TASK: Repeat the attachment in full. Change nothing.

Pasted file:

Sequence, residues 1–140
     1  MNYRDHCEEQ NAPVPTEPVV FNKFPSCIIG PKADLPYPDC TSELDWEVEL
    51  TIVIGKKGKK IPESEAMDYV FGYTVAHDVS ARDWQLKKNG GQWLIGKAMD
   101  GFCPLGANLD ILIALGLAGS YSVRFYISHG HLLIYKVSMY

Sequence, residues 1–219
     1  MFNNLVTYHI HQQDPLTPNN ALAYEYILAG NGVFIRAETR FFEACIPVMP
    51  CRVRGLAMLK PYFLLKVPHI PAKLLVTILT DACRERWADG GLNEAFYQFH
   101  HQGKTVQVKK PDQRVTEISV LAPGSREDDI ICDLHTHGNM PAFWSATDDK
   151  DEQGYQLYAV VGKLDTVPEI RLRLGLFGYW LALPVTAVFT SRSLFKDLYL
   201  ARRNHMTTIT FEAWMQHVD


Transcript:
Sequence, residues 1–140
     1  MNYRDHCEEQ NAPVPTEPVV FNKFPSCIIG PKADLPYPDC TSELDWEVEL
    51  TIVIGKKGKK IPESEAMDYV FGYTVAHDVS ARDWQLKKNG GQWLIGKAMD
   101  GFCPLGANLD ILIALGLAGS YSVRFYISHG HLLIYKVSMY

Sequence, residues 1–219
     1  MFNNLVTYHI HQQDPLTPNN ALAYEYILAG NGVFIRAETR FFEACIPVMP
    51  CRVRGLAMLK PYFLLKVPHI PAKLLVTILT DACRERWADG GLNEAFYQFH
   101  HQGKTVQVKK PDQRVTEISV LAPGSREDDI ICDLHTHGNM PAFWSATDDK
   151  DEQGYQLYAV VGKLDTVPEI RLRLGLFGYW LALPVTAVFT SRSLFKDLYL
   201  ARRNHMTTIT FEAWMQHVD